Office Doors: A Day with Dan Stellar


I exercise almost every day. On most mornings during the week, I run four to six miles and then go to the gym. Running is a big part of my life. I’ve been a runner for 25 years, completing four marathons and 30 half marathons. After my exercise is complete, I take an initial look at emails and do family things.


The Nature Conservancy is dedicated to conserving the lands and waters on which all life depends. We deliberately chose this mission because “all life” includes people. We are focused on a world where nature and people can thrive together. We do this through partnerships, working to find common ground wherever we can and providing measurable, impactful conservation solutions.

Both globally and here in Arizona, we’re committed to making the greatest impact by 2030. Our science clearly shows that if we don’t act on the issues we care about right now, the chance to do so will be more difficult or could be lost for good. We see tremendous urgency to step up and think big.

10 A.M. >> STATE 48 WORK

We’ve identified four focus areas for our work in Arizona. Conserving our lands and waters includes an array of projects, such as utilizing conservation easements — a voluntary legal agreement where land stays in private ownership but is protected for conservation in perpetuity — and working with farmers along the Verde River on how technology and infrastructure can reduce water usage while improving their livelihoods.

There is urgency regarding forest restoration and the need to reduce the risk of catastrophic fires, and we have a large project near Flagstaff focused on this. Our statewide climate program is policy-oriented and also sites renewable energy infrastructure in ways that will minimize conflict with wildlife.

Less than 10 years ago, we started working with Valley communities with fewer resources on how to use nature to mitigate the impacts of extreme heat. We created this program with an eye toward resolving some of the inequities that have traditionally existed where nature-based solutions are offered.

Dan Stellar is an avid outdoorsman and marathon runner who sees parallels between his work and endurance sports


I grew up in New England and developed a passion for nature from spending time in the mountains. But nature was something separate you did on the weekend. Formative experiences working internationally helped me understand how nature directly impacts people’s lives. Through my global work, I developed a different understanding of how nature is intertwined with all our lives, even if we don’t always see it.


I’ve lived in Arizona and worked for The Nature Conservancy for eight years and became state director three years ago. We are fortunate to have a gifted and wonderful team of 70 who work across the state from the southern border up to the northern forest. Many of the world’s leading experts in their field work for the organization. We have an internal expression: “I came for the mission, and I stayed for the people.” This is equally true with regard to our board and donors.

A big part of my job is working with donors, the board of trustees and partners. Of all the things people can do with their money, it’s incredibly humbling that they choose to donate to us. It’s inspiring and an honor to work with people who feel a lifelong connection, deep commitment and passion for the organization. My job is fast-paced, dynamic and interactive. I am always learning and growing. This is the job of a lifetime.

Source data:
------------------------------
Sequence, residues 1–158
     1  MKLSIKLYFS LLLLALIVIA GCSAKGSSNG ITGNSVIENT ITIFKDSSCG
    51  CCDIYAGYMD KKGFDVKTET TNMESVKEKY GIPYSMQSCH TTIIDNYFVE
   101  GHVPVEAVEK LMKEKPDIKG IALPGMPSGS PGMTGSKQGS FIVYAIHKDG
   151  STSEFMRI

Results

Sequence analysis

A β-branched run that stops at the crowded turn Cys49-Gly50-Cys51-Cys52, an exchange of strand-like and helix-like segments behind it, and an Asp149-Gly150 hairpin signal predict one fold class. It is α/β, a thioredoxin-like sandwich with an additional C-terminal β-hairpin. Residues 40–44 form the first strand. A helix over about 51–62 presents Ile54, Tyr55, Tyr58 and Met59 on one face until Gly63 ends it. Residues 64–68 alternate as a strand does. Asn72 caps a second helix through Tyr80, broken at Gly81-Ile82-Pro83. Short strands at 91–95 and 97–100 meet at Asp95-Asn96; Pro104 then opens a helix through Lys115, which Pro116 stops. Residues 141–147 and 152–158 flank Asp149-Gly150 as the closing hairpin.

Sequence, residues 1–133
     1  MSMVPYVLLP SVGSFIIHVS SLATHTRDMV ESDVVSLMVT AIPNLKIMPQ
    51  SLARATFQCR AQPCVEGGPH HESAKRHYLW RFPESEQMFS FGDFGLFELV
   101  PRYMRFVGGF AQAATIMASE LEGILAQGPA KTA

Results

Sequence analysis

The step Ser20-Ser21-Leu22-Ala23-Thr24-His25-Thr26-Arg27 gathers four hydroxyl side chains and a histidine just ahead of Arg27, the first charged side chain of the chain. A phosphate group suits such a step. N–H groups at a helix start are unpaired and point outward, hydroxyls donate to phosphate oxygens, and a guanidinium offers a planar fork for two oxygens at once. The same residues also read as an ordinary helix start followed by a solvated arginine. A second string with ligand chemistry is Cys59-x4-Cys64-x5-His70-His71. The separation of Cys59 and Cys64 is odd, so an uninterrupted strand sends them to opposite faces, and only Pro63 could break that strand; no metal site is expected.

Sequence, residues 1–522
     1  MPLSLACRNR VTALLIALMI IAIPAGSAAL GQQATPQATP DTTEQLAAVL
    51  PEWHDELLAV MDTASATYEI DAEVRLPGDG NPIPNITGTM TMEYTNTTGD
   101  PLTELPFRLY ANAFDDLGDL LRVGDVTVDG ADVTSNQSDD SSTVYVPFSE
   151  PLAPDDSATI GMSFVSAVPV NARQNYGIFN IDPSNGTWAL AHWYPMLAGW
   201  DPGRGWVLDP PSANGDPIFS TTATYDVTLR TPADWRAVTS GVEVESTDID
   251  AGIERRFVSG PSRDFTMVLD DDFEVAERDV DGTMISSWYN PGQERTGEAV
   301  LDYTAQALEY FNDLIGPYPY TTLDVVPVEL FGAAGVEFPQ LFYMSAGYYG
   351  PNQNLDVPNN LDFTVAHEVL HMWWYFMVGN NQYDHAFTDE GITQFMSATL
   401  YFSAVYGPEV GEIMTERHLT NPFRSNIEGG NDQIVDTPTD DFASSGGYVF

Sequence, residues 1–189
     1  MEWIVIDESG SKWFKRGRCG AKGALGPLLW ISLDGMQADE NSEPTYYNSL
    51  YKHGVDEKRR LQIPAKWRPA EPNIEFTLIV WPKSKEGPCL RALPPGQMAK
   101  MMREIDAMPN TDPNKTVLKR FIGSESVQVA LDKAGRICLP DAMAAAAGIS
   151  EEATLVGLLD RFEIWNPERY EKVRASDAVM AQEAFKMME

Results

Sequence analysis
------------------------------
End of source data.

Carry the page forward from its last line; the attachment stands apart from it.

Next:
3:30 P.M. >> NO TWO DAYS …

Kayaking on the Verde River | Photo by Bretta Nelson

Because we are a place-based and global organization, I make a big effort to travel and connect with partners, donors, volunteers, staff and other TNCs in the West. Travel comprises approximately 30 percent of my time. When I am not on the go, I have an average of six to 10 meetings a day. As a leader, I prioritize spending time with my chapter leadership team, investing in them and ensuring the team is healthy and unified. I subscribe to the “culture eats strategy for breakfast” philosophy, so I spend time talking with people to understand their concerns and priorities.

I try every day, with mixed success, to dedicate time to reading so I’m up-to-date on what’s happening and how it impacts the issues we care about. There’s so much news about conservation and environmental issues right now. Some of which we know, but a lot of which we don’t because things are happening so fast.


There’s a big and very appropriate conversation in conservation right now about diversity and equity and what that means for a field that has not been diverse. We developed an equity architect plan for our chapter and are thinking about our work with tribal and Indigenous communities differently, because they historically have not been part of the mainline conservation movement.

These are existential challenges, and conservation will not succeed if we don’t create an inclusive space in ways we haven’t before. It’s that simple. This is not extra or something you do on the side, and we have to understand how our engagement around diversity, equity and inclusion is at our core.


Given my travel schedule, my evenings are not always reliable, but I try to get home to have dinner with my family. I then take the dog out and do a little more work. I also love to read and alternate between nonfiction and fiction books.

To learn more, go to

About Julie Coleman

Julie Coleman is a contributing writer for Frontdoors Media. She is Principal of Julie Coleman Consulting, providing strategic philanthropy consulting services for individuals, families, businesses, foundations and nonprofit organizations.

From Frontdoors Magazine

Back to Top